We are celebrating thirty years of marriage soon, and many acquaintances and friends have asked, “What’s your secret?” Continue reading
On my wedding day, I asked my father-in-law, a highly respected salesman, motivational speaker and the most charming person I have ever known, how he and his wife had stayed so happily and romantically married for so many years. He considered and said he only had one piece of advice after all that time together, “Never call each other names. You can never take them back.” Continue reading
This morning’s paper featured an interesting article from the New York Times about marriage and finances. I have touched on this topic before in “Setting Expectations,” but it is worth re-visiting.
The article said. “…most couples do not want to talk about money before they marry.” It went on to explain why that is such a terrible decision.
I have to agree, and will add that if you do not talk about money with your children and make it clear that it is a highly discussion-worthy topic, you will do them a lifetime disservice.
My husband and I were a bit atypical for our time when we married, but very lucky that we both tend toward transparency and full disclosure. He was 28 and I was 27 when we met, and we had the advantage of education, careers and some investment experience under our belts when we decided to make a life-long partnership.
One unusual thing we did was to write out our expectations.
We had a list of topics that ranged from fidelity and family to finances and future dreams. We wrote them out separately, and then compared to see where the similarities and differences appeared. It was an amazing experience and I highly recommend it to any couples who are contemplating engagement, marriage, or even living together. You may find your values align well, and your chances of success are high…or you may discover a fundamental difference in the way you view life and the way you want to live. It is better to discover that ahead of time, when you can discuss and compromise or find that you cannot compromise and this is not the match for you. And of course, it is far, far better to make these discoveries before you bring children into the relationship. Any divorced parent will tell you that.
So, what are the things you should teach your children to discuss with their potential partners when it comes to finances?
It boils down to their risk profile. Continue reading
In business, as in life, we try to find the perfect fit. As my fantastic father-in-law used to say, “Find something you love doing; do it, and you will never work another day of your life.” So true. A wise person once told me that the perfect job happens when your inclinations and interests intersect with God’s plan for your life. Located therein will be the “perfect fit.” I think it is often the same with marriages that last.
I remember watching my mother’s marriages and those of many of my friends and knowing that the relationships they were in were just not for me. Not wrong for them, necessarily, but not right for me.
You see, I have this odd view of marriage. I don’t think it should be a lot of work.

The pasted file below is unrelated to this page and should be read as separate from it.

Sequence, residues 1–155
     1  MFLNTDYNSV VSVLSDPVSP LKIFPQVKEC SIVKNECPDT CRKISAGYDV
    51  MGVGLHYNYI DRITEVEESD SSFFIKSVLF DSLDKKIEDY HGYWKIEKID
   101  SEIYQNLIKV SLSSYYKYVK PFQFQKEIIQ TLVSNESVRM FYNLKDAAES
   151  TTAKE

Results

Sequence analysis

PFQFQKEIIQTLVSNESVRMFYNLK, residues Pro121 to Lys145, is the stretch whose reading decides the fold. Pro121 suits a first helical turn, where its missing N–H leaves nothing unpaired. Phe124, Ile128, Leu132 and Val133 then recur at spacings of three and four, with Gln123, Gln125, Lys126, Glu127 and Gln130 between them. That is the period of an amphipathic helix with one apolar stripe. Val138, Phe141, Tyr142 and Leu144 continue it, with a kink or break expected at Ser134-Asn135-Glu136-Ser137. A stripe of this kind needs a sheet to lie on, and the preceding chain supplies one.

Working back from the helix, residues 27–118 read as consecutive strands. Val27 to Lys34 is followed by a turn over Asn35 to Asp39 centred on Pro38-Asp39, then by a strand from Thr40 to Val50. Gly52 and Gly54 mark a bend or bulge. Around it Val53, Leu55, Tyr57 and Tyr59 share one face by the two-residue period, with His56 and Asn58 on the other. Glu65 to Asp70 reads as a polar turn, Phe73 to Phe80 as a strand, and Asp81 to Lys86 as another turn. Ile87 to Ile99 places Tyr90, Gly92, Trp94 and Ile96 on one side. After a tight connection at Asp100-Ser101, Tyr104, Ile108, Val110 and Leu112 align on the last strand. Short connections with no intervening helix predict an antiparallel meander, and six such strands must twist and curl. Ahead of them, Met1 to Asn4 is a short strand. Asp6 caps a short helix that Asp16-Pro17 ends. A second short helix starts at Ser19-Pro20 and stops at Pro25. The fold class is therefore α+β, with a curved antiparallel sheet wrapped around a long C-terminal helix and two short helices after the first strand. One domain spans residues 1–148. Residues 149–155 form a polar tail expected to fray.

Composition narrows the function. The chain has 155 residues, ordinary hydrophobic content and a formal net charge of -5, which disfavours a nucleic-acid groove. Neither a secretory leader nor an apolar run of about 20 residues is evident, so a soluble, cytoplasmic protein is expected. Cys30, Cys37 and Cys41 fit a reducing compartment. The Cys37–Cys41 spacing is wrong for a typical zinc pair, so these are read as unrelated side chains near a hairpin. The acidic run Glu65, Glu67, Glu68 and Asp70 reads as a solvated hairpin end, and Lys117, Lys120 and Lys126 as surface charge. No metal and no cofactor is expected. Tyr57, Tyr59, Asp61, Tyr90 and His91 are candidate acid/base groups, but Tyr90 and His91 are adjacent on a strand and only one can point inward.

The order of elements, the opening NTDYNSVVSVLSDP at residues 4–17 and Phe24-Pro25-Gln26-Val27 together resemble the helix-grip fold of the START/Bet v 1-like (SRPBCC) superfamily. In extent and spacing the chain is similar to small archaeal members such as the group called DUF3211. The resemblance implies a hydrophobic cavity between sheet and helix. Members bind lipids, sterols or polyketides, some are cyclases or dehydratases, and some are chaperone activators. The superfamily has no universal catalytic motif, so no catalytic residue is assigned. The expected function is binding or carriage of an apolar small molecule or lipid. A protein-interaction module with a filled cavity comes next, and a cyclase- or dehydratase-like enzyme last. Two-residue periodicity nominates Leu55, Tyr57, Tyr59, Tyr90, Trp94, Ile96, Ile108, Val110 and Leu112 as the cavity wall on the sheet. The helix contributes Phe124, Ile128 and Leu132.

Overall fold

In fact, in dating relationships my motto was, “If it is this hard now, it is not likely to get easier and this is not the one for me.” Marriage was definitely optional in my opinion and I wasn’t willing to settle for less than a pretty darned ideal situation.
My husband came into my life in 1985 and just fit. Things were not completely easy at first since he wanted children and I was not sure I would ever want them, but once we jumped that hurdle I realized I had won the marriage lottery. He gets me, wants me, loves me in spite of my many flaws, supports me in everything I attempt, and makes me laugh even in the darkest and hardest of times. I love him, respect him, find him endlessly fascinating and brilliant and am still very attracted to him. No wonder we are celebrating our twenty-fourth anniversary today.
Why do things work so well between us?
Sustainability. It’s what we all hope for in business, relationships, and most of all in love.
Why does it seem to be so hard for some people and come more easily to others? I don’t pretend to know many of the answers, but this post was written in response to three recent stimuli.
First, my husband came up with a brilliant idea to whisk me off to a cool, romantic weekend before the craziness of our move and the girls’ departures to their respective new homes start in the coming weeks.
- Second, Daughter 2 and I had a deep conversation about what makes marriages last and why some seem to be so much work while others just seem to work out.
- Third, and sadly indeed, a dear friend just sent a note saying he was the most recent in the spate of “Big D” (divorce) casualties that we have seen these past few years.
These things got me thinking about my marriage and the conversations my husband and I have had about why we work so well, and what have we done to be this lucky? Because you see, sometimes it seems like that is what it is…luck of the draw. We know wonderful people, strong in their faith and seemingly crazy about each other and their families and yet at just about this time of life when the kids were going off to college and things were changing, their marriages just disintegrated. Continue reading